Residential solar has seen a marked increase in installations over the last decade, but that growth pales in comparison to the growth of the power storage sector of the solar market. A huge percentage of solar power systems being installed today now include solar power storage. Solar batteries are more affordable, efficient, and compact than before, making them a more viable choice for most homeowners. But what if you installed a grid-tied system several years ago? Is it possible to jump on this bandwagon and add batteries to make your system a hybrid one? Keep reading to learn more.
It’s Not So Simple
If you think you can just plug some solar batteries into your grid-tied solar inverter, think again. Grid-tied inverters work differently from hybrid and off-grid inverters, and they’re not designed to support backup power. This means that, in order to convert your system and allow it to support energy storage, you’ll not only need to add batteries to it, but some other equipment as well. Here are a few options for converting your system to a hybrid one.
Also Read: techbizidea.com
Converting through AC Coupling
The first option to convert your grid-tied system is a method called AC coupling. In an AC-coupled system, the grid-tied inverter is paired to both an off-grid inverter and a battery bank. The off-grid inverter helps to control the output of the grid-tied inverter to help prevent overcharging of the batteries. It also tricks the grid-tied inverter into staying on when there’s a power outage, so you can use your stored energy and continue to operate essential appliances; normally, a grid-tied inverter shuts down during a power outage, just like everyone else on the grid.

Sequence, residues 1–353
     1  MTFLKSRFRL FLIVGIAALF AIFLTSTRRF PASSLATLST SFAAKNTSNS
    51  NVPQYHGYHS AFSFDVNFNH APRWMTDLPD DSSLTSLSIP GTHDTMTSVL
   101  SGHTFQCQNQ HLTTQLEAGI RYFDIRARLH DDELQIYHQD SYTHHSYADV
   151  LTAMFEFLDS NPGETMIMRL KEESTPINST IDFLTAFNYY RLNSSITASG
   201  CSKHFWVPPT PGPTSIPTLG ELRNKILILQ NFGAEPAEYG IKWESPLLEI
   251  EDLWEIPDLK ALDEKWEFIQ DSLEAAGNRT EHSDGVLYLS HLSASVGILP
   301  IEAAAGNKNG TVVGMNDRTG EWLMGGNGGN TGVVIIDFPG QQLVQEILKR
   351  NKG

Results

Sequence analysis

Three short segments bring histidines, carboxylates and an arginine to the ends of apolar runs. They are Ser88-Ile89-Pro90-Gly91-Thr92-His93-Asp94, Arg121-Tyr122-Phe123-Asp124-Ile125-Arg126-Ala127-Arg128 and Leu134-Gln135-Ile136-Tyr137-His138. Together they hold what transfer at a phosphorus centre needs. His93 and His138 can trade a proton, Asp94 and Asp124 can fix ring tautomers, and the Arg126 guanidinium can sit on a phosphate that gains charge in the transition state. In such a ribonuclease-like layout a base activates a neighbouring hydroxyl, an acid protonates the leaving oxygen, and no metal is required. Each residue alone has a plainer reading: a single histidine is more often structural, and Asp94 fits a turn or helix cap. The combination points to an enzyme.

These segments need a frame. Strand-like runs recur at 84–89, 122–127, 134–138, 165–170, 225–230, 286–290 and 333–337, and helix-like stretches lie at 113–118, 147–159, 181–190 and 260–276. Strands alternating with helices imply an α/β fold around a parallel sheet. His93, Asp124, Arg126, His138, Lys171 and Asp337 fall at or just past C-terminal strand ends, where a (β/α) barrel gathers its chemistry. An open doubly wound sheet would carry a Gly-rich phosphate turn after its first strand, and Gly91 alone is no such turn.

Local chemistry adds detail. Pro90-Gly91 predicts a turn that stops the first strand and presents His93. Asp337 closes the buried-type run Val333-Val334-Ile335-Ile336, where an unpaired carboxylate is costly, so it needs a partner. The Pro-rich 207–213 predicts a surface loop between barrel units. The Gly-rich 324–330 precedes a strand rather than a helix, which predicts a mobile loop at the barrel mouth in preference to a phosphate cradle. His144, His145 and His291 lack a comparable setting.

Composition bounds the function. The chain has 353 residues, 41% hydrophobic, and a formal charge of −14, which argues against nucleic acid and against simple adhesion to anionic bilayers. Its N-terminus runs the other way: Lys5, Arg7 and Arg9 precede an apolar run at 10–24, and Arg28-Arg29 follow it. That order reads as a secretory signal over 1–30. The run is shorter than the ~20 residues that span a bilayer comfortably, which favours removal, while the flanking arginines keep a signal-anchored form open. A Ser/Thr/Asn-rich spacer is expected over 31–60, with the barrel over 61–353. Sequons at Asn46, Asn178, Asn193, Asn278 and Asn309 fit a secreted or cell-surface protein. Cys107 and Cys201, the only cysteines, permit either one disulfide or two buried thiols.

You’ll want to ensure you find an off-grid inverter that can support AC coupling; it should also be sized 25% higher than the grid-tied inverter you’re connecting it to. While this is a way to retrofit your system with battery storage, sizing it properly can be difficult, and if sized improperly, the system will perform poorly.
Also Read: bestpost.org
Converting through DC Coupling
Your second option is to convert through DC coupling. This method uses a charge controller to connect your solar array directly to the battery bank, just as you would do in an off-grid system. The main problem with this is that the charge controller needs to be manually switched between off-grid and grid-tied modes. This can be a serious hassle, and if you’re not prepared to commit to making those switches, this probably isn’t the best method for you.
Converting by Replacing Your Inverter
Your final option is to simply replace your grid-tied inverter with a hybrid one that’s designed to support battery storage. This will be the most expensive option, but it also provides the most flexibility and best performance for your system. If this retrofit is something you’re seriously considering, then you should look at hybrid solar inverters to find one that would fit into your system.
Also Read: allcitynews.net